She was snatched up from the ground before she could finish her thought, leaving nothing but her parasol to freely blow down the beach floor. Next, she took the man with the boiled ham skin. She lifted him, held him in front of her never-blinking, never-focusing eyes. He smiled, transfixed, before she used her other hand to twist him, twist him, twist him… His legs gave from the waist and she chewed on one at a time, then squeezed his innards out into her awaiting mouth like a toddler with a carton of fruit juice.
“I love you!” an older plum-voiced man shouted, clothes sodden in red as he hugged onto her big toe, kissing her tree-bark toenail. “Mwah mwah… I love you I love you I love you I love you.”
He clambered clumsily onto her foot, working his way as best he could up her shin but couldn’t quite make it any further. It didn’t matter, though, as she plucked him up with finger and thumb, pressed his face to her nose and sniffed. His tie danced off his neck in the ensuing gust of her inhale before she exhaled hot dead-meat-stink and onto him.
“I love you,” he said once more but he must have smelled off or something because she threw him over her shoulder. His broken body fluttered against the wind and he landed on the open waters with a distant plop noise.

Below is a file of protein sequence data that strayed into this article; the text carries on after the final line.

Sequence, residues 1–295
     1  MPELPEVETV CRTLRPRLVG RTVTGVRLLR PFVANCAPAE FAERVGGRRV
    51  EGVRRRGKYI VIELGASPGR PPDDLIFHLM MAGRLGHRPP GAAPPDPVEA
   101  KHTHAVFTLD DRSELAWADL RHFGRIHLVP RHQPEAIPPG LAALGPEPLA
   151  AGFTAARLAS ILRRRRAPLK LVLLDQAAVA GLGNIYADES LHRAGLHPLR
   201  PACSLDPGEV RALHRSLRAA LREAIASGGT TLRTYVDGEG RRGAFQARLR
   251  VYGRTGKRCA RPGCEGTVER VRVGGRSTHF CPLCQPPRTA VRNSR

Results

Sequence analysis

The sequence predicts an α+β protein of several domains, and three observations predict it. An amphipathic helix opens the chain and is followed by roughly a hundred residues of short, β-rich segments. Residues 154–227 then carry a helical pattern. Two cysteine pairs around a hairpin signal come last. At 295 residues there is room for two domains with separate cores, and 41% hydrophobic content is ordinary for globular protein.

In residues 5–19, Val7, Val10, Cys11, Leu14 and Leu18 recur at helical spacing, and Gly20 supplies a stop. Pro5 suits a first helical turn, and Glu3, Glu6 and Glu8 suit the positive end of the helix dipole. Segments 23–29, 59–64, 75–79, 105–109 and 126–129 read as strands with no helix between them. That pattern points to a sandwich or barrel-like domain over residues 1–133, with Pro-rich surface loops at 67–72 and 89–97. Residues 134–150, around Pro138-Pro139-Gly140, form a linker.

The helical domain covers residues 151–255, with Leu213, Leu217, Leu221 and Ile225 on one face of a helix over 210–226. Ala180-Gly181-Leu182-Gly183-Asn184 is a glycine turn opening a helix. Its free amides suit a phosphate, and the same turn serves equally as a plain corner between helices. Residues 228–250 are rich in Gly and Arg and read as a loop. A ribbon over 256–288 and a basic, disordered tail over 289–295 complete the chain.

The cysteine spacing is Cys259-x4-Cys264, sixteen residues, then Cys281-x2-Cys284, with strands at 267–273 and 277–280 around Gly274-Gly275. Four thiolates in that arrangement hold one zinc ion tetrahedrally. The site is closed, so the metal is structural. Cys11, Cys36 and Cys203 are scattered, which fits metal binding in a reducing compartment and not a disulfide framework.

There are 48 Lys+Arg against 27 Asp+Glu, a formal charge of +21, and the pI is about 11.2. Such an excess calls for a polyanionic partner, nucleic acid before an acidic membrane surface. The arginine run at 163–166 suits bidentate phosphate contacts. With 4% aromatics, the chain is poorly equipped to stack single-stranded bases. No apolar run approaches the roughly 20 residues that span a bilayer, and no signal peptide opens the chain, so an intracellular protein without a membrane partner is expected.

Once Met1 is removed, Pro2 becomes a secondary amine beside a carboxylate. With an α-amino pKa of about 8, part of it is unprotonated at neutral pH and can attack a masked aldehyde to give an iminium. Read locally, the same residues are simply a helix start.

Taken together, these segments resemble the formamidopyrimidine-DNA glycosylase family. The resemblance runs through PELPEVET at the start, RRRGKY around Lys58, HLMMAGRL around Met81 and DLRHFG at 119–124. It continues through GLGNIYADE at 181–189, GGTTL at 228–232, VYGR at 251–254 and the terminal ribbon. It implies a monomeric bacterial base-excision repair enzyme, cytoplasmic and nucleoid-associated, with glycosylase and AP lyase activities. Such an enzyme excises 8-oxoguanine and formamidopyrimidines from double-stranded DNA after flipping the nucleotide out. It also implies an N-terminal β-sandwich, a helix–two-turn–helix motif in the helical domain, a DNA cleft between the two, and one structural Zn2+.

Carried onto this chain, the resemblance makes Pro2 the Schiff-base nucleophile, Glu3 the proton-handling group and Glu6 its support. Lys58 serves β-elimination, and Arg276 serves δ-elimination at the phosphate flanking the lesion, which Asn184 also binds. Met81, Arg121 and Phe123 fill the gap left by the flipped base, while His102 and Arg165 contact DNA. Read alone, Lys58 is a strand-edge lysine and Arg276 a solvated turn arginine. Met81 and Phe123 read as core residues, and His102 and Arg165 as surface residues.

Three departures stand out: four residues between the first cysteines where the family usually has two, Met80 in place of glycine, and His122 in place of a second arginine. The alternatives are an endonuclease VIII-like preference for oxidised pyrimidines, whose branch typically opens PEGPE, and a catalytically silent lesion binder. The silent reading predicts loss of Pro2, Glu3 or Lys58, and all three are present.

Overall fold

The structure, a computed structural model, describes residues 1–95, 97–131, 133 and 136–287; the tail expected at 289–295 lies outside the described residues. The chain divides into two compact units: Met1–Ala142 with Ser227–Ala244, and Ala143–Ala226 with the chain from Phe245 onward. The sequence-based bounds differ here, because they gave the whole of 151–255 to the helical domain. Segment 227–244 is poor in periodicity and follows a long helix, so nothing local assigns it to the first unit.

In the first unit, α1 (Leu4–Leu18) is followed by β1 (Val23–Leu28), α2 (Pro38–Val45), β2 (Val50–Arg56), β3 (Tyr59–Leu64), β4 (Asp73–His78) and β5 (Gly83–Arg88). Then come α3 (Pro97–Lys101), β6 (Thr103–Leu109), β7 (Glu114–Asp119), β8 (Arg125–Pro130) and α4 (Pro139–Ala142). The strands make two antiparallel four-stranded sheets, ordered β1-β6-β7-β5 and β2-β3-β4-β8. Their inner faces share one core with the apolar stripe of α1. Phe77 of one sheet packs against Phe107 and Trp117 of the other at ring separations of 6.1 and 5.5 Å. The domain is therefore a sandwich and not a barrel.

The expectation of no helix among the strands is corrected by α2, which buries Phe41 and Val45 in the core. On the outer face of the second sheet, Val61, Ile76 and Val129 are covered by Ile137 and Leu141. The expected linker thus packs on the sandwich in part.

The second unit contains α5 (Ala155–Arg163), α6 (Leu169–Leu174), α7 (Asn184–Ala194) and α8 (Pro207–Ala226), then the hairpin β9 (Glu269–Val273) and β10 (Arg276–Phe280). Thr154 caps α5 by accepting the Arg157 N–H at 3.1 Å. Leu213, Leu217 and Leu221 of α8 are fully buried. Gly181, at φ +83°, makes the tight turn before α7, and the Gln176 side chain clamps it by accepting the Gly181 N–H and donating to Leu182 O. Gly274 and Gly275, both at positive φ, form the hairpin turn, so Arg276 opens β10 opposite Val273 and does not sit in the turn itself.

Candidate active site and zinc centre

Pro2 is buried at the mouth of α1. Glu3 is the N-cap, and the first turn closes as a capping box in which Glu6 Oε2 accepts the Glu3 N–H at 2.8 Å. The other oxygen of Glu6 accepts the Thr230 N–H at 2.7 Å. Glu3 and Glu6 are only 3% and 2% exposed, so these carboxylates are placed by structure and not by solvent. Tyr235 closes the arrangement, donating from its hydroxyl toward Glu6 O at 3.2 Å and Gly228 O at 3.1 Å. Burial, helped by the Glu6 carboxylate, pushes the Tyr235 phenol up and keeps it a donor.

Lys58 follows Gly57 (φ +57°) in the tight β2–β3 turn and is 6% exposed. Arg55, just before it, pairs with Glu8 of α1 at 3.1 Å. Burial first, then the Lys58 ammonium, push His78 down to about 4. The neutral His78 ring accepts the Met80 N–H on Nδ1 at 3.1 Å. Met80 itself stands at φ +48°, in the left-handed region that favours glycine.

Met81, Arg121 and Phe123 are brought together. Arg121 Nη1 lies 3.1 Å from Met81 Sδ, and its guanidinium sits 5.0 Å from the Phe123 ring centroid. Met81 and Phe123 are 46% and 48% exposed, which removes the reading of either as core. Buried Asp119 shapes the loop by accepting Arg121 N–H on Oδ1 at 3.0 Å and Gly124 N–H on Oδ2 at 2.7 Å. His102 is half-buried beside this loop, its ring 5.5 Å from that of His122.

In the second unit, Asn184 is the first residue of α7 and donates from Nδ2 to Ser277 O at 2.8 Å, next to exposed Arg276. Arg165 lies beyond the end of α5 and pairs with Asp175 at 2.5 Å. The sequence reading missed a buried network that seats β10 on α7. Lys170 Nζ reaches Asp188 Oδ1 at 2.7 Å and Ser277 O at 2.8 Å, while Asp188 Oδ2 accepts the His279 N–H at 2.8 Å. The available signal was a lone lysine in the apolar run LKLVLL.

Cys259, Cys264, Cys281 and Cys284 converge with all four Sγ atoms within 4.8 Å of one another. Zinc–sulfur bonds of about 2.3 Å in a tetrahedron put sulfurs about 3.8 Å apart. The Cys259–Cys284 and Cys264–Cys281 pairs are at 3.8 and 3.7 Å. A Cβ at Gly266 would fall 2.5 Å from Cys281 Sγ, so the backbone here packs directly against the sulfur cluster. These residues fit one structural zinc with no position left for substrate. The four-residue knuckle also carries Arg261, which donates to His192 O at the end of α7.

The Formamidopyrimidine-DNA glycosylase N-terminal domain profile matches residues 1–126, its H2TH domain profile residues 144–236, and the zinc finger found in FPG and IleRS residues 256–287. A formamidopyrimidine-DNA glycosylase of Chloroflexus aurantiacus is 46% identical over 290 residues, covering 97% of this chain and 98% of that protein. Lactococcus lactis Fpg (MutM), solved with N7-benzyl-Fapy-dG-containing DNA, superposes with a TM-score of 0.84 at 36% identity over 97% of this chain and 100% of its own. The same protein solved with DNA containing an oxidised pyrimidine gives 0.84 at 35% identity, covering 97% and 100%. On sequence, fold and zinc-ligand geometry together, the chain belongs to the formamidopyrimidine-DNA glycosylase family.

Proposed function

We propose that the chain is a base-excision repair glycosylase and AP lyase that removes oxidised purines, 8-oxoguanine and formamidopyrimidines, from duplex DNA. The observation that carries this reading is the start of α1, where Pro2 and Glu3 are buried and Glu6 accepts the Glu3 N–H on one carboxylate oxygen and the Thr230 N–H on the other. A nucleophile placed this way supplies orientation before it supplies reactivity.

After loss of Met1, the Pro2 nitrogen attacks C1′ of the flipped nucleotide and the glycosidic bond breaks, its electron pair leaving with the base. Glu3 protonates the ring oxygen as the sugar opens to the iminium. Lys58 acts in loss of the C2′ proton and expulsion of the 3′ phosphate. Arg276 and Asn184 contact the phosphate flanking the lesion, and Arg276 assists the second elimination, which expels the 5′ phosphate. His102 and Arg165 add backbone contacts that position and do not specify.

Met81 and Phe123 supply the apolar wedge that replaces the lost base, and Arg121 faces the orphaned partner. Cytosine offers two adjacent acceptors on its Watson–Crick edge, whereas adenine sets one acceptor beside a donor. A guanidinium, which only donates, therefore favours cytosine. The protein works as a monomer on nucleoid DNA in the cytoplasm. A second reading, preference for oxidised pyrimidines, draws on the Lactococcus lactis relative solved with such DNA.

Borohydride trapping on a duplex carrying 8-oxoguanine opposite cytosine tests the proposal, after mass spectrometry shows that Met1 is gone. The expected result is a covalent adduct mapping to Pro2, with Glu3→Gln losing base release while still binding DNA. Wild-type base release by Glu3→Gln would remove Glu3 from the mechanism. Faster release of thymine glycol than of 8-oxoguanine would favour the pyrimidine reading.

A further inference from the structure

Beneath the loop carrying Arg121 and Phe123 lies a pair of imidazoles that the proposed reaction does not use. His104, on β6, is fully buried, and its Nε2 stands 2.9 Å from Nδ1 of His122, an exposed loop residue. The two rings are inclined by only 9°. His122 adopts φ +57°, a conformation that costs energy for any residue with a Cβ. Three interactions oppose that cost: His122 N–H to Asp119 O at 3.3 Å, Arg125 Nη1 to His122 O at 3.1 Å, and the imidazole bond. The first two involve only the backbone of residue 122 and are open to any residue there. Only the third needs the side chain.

Then she came to us, my wife and me, and we watched in adoration as the Queen stepped forward, grazing from her new found followers. Only when she passed us did we see the trail of yellow pussy slime oozing out of her back, dribbling and pooling on the beach floor behind her.
“Wait,” my wife screamed, seeing the Queen walking further and further away heading into Brighton town centre. “Please wait!”
“It’s okay,” I said, wrapping my hands around her shoulders and forcing her to look closely at the trail of foamy slime, hissing as it fizzed against the sandy floor. “Look, dear.”
Tears formed in my eyes as I pointed her to the lumps of clear flesh in the yellow fluid. Plasticky ovals with tiny faces within like yellow-rotten frogspawn.
“A royal birth,” I said to her, as several of the eggs began to pop open, hundreds of the little royals screeching as they broke their amniotic shells. They began to crawl and leap onto the leftovers.
I turned and looked at the horizon and saw one last glimpse of our incredible Queen, her crown still throbbing, inspiring love and devotion wherever she went. My wife cried with joy as one of the royal babies’ leaped up and wrapped its mouth around her neck, suckled the blood from her carotid artery.
“Just think,” I said aloud to no-one, as a wide-eyed royal baby snaked along the sand towards me, gummy teeth bared. “What a privilege… for the Queen to come for tea. What a damn fine privilege.”